Few contemporary song-cycles have created as big a stir as Hans Abrahamsen’s let me tell you premiered in 2013. This has as much to do with the intensity of emotional expression in the half-hour work as the extraordinarily effective orchestration. It is the kind of piece that sends shivers down the spine.

Barbara Hannigan © Raphael Brand
Barbara Hannigan
© Raphael Brand

Based on Paul Griffiths’ novella of the same name, in which the author gathered all of Ophelia’s words from Shakespeare’s Hamlet as a collage, it was written specifically for Barbara Hannigan. Imagine the sounds produced by a suffering sentient being stretched as far as the vocal cords will allow, with regular tremors shooting through the vocal line by dint of stile concitato, (a device first used by Monteverdi involving clusters of repeated syllables), and you come some way to comprehending this unique musical landscape. The orchestral colours are those of the glacial north: metallic glints produced by a range of percussion instruments set
against the spectral qualities of high violins. In climes where snow blindness can be a real threat, phantasmagoria is suggested by the dazzling, dizzying vocal leaps and sudden whirlpools of sound from the full orchestra.

Hannigan moved like a master surgeon through the score, deploying the icy blade of a razor-sharp scalpel with unerring skill. She laid bare the multi-layering of Ophelia’s inner torment before tracing her descent first into darkness and then madness until, by the close of the seventh and final song, where individual notes hung in the air seemingly for an eternity, she had completely lost herself in a hallucinatory search for her lover deep in a snowy landscape. The control she exercised was itself mesmerising, her high notes perfectly pitched at the words “Snow falls”, each physical gesture used sparingly but to maximum effect. Not the least of the haunting orchestral qualities was the rustle of paper on a steel pan over wide stretches of the final song where, in Christina Rossetti’s words, “frosty wind made moan”. Sir Simon Rattle and the London Symphony Orchestra gave sterling support to their outstanding soloist.

Sibelius’ last published symphony opened the concert. Originally called Fantasia sinfonica, it fuses elements of a slow movement, scherzo, sonata form, rondo and grand symphonic coda. As such it requires the subtlest of gear changes for its organic flow to emerge unimpeded. Rattle has long championed this composer’s seven symphonies, but I wonder whether he might love individual works a little too much. From a languorous, quite phlegmatic opening, with the gears only slowly engaged, we were rapidly thrown into choleric territory, with chattering woodwind and flecks of irritation from the upper strings. Individual episodes registered; the overall picture didn’t. The sense of longing, of an anticipated homecoming, which the oboe expresses so eloquently, got slightly lost in the flurry of other detail being picked out. With a tendency towards richness and heaviness rather than transparency in the orchestral textures, the bleakness of this particular landscape – arguably the most depressed C major in all of musical literature – was never given sufficient prominence. This was not a view of the terrain from a central vantage-point; it was more a case of nose to the ground.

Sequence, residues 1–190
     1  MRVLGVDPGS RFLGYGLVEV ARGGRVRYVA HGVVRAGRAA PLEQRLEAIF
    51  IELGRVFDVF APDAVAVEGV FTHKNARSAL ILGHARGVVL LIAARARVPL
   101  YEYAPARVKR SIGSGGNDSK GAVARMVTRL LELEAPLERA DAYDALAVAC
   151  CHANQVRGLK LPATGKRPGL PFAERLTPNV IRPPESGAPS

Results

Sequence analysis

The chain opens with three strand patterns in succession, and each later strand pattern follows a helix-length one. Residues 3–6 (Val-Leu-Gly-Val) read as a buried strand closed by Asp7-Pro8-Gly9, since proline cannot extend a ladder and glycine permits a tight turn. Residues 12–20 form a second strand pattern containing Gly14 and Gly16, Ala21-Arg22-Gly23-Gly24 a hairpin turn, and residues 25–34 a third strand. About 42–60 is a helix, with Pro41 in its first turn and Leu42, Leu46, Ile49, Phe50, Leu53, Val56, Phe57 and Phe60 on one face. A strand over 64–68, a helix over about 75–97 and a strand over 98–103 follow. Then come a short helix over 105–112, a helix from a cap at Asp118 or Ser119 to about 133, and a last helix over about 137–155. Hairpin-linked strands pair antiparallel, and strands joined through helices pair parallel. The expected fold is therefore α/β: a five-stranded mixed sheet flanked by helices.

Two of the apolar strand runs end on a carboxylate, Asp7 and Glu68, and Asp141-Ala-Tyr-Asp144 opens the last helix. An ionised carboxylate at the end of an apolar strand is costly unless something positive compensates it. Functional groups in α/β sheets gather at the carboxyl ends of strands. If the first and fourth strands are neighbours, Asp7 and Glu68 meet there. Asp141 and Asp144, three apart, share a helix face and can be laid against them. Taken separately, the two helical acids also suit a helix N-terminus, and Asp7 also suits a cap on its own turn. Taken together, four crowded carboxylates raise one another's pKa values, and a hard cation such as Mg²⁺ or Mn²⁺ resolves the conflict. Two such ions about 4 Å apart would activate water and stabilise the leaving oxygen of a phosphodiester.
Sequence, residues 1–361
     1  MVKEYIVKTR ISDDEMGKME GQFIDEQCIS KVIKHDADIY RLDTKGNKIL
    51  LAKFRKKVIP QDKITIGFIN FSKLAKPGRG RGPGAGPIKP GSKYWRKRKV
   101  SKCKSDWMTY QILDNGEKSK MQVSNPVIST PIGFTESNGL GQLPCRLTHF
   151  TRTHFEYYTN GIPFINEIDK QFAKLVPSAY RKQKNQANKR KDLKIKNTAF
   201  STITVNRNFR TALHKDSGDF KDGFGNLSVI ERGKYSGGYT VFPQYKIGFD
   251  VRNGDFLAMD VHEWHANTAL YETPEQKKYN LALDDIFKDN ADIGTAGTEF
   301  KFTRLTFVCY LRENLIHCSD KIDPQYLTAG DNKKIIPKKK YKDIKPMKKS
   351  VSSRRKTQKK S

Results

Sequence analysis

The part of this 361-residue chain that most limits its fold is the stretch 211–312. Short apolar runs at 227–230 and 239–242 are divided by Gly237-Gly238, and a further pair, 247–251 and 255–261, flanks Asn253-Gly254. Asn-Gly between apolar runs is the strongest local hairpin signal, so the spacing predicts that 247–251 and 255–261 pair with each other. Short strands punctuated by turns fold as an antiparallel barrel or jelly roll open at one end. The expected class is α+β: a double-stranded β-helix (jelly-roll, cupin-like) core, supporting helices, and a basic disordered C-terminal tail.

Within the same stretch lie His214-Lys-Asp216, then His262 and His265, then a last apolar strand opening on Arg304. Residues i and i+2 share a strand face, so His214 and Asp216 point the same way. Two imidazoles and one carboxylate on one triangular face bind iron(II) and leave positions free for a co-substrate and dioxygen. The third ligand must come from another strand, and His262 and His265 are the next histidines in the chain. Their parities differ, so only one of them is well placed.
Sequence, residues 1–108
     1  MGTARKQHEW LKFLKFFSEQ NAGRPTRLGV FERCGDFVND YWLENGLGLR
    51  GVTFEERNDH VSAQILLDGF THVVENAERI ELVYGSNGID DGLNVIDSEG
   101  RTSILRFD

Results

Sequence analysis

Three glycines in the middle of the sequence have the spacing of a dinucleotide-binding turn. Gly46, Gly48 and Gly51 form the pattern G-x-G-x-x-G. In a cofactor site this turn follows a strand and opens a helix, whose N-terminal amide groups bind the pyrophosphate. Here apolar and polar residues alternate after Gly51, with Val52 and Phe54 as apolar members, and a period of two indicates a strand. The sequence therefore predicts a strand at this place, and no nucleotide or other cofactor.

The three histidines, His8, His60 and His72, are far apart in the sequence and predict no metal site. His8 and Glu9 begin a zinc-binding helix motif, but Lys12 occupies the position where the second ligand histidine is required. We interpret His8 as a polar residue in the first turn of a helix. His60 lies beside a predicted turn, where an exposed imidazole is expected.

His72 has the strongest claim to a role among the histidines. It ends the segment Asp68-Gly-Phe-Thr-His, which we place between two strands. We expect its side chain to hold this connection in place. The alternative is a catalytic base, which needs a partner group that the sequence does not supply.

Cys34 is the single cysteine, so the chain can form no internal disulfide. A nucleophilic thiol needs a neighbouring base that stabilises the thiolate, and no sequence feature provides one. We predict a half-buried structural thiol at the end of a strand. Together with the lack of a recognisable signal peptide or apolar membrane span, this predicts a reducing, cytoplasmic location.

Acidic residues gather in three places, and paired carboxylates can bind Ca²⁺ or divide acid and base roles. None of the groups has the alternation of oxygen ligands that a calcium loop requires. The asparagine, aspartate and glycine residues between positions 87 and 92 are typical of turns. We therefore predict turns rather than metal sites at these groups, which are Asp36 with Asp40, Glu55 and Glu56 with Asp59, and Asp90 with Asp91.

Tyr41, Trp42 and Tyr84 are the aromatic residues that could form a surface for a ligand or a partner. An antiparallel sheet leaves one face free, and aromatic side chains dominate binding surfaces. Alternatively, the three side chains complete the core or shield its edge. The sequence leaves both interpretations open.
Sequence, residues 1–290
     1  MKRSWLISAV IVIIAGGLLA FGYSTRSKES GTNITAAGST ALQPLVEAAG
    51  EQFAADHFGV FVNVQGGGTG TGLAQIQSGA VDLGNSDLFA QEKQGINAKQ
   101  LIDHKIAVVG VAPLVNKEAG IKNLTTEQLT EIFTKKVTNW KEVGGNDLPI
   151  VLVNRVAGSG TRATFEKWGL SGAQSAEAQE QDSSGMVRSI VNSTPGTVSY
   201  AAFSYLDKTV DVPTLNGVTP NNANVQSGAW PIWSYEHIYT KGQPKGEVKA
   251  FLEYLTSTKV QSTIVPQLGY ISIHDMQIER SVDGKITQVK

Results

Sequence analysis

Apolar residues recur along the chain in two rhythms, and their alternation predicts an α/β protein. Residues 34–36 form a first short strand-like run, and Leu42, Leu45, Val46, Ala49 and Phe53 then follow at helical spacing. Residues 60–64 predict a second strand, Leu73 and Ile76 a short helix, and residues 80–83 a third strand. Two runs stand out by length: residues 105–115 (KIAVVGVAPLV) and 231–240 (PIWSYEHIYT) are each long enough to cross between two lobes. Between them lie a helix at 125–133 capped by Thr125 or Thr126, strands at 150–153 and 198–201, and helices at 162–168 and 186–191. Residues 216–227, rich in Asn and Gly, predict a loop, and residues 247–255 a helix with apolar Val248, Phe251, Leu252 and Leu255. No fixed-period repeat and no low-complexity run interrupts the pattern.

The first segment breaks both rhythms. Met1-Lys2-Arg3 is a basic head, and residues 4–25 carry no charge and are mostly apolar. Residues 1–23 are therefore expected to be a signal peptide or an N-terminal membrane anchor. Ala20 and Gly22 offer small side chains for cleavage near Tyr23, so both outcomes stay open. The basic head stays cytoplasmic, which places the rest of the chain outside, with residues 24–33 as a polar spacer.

If the first half had given us the northern chill-factor, there was plenty of fiery volcanic energy present in the performance of Nielsen’s Fourth Symphony in the second half. The composer’s subtitle Det Uudslukkelige suggests in Danish something unstoppable, unquenchable, inexhaustible. That was clearly Nielsen’s intention, since he provided a programmatic justification: “In case all the world were to be devastated by fire, flood or volcanoes and all things were destroyed and dead, nature would still begin to breed new life again….”. Rattle launched this symphony with a snarl, the lower strings of the LSO biting deep. He pressed on almost relentlessly at times, but in doing so he certainly captured the unsettling qualities of the score, its shifting sonorities, the harmonic bump-and-grind of its themes. With dramatic interjections from the violas and sharply edged rhythms the primary colours were often bold and brave. Like Beethoven, Nielsen thrives on conflict: this derives from the clash, and ultimate resolution, of tonalities.

Yet Rattle didn’t only emphasise the visceral nature of this wartime work (written in 1916). Instead, there was a rustic serenity to the extended passage for wind choir (the LSO players magical) at the outset of the slow movement, reminding us that this composer had one foot in the 19th century as well as the other in the 20th. In the third movement there was a poignant eloquence to the threnody delivered by the strings, underlining the fact that the horrors of war cannot simply be wished away. And then to crown this fine reading, the LSO at full throttle battled it out in the finale with two superb timpanists. As Nielsen himself said, “Music is life and, like it, inextinguishable”.

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